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I have a class which is designed to spin up a background thread, from which calls will be made into a manager. This manager will be mocked for the purposes of unit test. The relevant fragment of code is:

 MockRepository mocks = new MockRepository();
ICacheManager manager = mocks.CreateMock<ICacheManager>();


CacheJanitor janitor = new CacheJanitor(manager);

// get janitor to do its stuff
// ...


The problem is that when verified we get two exceptions thrown - one on the test thread stating that a call to CacheSize was expected but didn't occur, and another on the background thread (within CacheJanitor) stating that a call to CacheSize occurred but was not expected.

Obviously the expectations have an affinity to the thread on which they are created. Does anyone know of a way to instruct Rhino Mocks to expect the call on a different thread (which doesn't even exist at the time that the expectations are defined)?


Forgot to mention the constraint that we are still on VS 2005 for the immediate future. Rhino Mocks version is 3.4 - I will try with 3.5, but the list of improvements don't seem to indicate any fixes in this area.

For the moment I will probably create my own mocked object for this series of tests and record the results within that, but would definately appreciate any solutions which allow me to cleanly achieve this using Rhino Mocks.

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1 Answer 1

Wow. That's crazy. I've used MoQ to do this sort of thing without an issue.

What version of Rhino are you using? You're using it in the pre-3.5 manner; perhaps this wouldn't be an issue with version 3.5?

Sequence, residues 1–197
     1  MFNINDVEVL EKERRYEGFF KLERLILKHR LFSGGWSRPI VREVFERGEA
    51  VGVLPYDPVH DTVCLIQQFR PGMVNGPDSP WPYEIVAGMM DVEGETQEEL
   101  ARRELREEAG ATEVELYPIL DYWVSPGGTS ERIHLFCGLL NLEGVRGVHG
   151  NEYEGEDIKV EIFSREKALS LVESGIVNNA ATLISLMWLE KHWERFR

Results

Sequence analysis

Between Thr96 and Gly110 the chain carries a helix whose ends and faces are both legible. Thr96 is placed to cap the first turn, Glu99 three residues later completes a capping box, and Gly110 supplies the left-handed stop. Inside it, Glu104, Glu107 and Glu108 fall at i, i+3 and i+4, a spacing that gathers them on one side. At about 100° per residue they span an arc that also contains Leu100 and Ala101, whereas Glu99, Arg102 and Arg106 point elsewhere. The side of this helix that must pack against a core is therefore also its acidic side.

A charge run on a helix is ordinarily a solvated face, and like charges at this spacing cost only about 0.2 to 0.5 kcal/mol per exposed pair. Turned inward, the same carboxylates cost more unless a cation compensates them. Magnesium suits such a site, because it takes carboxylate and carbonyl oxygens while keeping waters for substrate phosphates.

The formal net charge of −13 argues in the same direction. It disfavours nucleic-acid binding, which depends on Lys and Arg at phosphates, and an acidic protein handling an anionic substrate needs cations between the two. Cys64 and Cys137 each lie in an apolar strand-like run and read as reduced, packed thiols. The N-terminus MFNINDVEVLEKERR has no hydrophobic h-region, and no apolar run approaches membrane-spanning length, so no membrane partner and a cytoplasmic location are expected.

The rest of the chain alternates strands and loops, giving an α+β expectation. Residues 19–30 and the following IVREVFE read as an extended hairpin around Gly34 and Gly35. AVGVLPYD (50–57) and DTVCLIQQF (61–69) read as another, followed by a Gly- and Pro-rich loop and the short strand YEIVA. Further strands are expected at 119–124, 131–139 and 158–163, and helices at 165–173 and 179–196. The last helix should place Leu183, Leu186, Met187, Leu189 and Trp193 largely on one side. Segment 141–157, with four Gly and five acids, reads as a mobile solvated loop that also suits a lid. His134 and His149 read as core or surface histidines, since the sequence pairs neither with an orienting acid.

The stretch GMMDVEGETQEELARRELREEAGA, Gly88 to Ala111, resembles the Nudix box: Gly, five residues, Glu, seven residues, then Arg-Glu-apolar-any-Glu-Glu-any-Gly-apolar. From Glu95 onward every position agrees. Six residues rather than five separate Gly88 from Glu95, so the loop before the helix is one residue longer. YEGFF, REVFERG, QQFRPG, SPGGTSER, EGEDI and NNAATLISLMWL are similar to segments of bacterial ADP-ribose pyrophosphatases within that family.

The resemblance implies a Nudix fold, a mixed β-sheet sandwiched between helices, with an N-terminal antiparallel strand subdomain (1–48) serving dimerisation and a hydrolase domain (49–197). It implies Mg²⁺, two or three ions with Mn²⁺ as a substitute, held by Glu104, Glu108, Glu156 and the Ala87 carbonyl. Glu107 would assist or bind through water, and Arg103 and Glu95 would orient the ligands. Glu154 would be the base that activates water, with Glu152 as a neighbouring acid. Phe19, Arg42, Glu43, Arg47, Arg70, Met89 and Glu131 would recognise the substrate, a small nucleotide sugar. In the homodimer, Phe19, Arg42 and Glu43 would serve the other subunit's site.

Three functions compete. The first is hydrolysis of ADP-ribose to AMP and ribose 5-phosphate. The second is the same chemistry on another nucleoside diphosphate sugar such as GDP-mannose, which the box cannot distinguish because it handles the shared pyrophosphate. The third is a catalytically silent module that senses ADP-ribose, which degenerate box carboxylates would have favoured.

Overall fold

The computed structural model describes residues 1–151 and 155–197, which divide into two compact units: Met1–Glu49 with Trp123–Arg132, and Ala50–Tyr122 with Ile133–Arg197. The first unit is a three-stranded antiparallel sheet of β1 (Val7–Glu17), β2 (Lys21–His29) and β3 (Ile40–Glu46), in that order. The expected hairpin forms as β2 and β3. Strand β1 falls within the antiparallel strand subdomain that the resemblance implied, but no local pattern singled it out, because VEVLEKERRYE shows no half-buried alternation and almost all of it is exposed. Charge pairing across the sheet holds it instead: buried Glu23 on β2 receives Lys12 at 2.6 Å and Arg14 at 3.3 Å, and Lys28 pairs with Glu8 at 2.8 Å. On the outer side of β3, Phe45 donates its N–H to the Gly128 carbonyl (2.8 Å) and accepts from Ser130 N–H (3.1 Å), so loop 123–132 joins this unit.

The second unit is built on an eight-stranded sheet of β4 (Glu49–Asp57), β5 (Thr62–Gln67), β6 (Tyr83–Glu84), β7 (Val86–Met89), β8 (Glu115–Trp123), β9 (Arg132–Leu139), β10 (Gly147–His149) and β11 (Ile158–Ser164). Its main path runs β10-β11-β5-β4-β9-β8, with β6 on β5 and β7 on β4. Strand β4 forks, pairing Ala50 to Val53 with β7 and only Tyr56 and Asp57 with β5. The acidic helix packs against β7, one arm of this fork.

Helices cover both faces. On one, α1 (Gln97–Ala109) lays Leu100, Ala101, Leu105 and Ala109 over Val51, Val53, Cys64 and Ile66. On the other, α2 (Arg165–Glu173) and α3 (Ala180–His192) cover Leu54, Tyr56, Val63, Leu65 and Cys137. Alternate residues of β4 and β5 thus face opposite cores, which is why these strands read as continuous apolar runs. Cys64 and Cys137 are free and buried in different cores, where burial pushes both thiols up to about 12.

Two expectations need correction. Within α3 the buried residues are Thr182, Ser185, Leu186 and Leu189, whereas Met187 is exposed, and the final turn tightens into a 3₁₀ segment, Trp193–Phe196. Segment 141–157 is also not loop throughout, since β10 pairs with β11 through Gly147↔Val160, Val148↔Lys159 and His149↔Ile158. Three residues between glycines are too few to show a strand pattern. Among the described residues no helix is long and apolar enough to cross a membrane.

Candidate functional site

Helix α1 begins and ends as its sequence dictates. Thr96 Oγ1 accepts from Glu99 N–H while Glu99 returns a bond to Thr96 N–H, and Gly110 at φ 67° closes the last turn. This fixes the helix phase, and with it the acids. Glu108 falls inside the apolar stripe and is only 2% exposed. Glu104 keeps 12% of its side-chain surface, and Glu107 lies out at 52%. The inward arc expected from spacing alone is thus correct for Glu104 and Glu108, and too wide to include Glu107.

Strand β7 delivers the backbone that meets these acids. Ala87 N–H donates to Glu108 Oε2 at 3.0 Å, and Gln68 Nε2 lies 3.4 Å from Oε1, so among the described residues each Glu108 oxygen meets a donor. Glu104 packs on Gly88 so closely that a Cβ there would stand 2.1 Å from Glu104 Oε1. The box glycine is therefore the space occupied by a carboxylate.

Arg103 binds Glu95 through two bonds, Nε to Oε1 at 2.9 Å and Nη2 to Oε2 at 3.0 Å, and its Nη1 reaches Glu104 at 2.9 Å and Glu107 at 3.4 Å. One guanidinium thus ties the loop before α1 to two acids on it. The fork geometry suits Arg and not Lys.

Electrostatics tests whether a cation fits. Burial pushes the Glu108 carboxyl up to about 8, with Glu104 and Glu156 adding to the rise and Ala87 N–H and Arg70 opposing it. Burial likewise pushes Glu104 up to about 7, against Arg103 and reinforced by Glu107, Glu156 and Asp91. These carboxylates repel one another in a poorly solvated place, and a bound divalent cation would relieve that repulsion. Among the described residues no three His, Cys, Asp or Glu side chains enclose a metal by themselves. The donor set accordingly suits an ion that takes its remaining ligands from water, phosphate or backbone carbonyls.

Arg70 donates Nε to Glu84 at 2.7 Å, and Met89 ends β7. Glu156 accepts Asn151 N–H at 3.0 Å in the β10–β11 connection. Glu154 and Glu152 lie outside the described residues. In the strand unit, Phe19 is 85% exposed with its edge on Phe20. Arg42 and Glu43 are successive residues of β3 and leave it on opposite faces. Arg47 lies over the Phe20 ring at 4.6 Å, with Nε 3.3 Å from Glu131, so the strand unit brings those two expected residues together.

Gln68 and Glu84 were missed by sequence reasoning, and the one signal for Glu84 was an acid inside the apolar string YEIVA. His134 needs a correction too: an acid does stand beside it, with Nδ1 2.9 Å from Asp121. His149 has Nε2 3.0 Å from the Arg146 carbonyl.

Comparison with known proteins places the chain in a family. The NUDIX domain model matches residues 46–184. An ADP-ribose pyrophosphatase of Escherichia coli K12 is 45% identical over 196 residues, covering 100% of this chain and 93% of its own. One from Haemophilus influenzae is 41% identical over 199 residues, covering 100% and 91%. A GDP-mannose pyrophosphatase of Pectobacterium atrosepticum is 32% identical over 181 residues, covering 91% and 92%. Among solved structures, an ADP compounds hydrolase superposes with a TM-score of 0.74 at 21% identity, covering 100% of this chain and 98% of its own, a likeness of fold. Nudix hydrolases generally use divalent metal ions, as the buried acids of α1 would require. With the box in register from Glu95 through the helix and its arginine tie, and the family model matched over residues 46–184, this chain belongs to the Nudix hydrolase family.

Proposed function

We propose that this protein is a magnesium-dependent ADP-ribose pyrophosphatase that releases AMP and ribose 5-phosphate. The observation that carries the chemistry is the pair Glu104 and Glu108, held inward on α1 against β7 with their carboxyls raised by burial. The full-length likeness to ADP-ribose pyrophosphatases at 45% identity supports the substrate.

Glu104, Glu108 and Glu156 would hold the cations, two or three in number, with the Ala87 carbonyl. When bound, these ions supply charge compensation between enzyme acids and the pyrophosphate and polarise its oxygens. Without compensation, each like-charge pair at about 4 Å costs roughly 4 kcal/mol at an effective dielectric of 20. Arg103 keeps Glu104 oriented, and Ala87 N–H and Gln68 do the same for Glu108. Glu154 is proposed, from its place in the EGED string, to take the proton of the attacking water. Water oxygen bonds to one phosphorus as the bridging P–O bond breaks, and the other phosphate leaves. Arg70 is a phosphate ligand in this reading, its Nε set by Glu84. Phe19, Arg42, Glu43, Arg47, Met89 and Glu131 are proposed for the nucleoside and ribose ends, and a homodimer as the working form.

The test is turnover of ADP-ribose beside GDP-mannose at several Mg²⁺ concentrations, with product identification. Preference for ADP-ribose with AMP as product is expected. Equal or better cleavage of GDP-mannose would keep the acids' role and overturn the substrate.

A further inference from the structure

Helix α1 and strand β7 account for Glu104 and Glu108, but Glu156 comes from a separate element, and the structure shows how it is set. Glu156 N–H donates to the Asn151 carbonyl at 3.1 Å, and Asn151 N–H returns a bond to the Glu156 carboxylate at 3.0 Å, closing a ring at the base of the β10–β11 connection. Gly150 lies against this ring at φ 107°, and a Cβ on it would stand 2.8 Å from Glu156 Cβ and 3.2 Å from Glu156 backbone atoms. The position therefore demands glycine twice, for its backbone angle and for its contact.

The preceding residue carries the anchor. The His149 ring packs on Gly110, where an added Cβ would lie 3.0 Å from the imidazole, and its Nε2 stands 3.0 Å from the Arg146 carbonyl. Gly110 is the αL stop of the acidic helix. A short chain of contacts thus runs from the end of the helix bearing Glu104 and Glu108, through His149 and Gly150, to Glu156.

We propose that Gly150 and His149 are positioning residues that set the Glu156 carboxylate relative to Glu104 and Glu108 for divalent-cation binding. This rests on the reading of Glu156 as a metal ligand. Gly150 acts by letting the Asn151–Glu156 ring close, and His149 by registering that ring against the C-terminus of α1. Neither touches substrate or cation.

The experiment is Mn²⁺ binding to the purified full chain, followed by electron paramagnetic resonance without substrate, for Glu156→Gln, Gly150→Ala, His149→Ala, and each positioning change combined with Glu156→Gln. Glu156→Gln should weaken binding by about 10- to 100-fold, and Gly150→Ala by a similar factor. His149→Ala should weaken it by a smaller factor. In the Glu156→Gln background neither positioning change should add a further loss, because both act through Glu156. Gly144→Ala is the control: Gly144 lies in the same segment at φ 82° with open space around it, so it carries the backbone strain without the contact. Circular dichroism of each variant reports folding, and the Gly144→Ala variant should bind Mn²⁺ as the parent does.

Another alternative is to avoid verifying expectations on the mocks. (sorry, I'm not familiar with Rhino's syntax but it might be possible). Use a callback to set a local variable in the test function and verify on that variable.

In MoQ, I'd do it like this:

// Arrange
var called = false;
var mock = new Mock<SomeObject>();            

mock.Expect(x => SomeFunction()).Callback(() => called = true);            

var target = new MultithreadedTarget(mock.Object);            

// Act

// this part is a bit ugly
// spinlock for a bit to give the other thread a chance
var timeout = 0;
while(!called && timeout++ < 1000)

// Assert
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Unfortunately this only half works with RM. I still get the expectation violation on the background thread, because I have no way to tell RM to expect or ignore it. This exception is obviously thrown when the mocked property is accessed, not when VerifyAll is called. –  Chris Ballard Oct 8 '08 at 14:23

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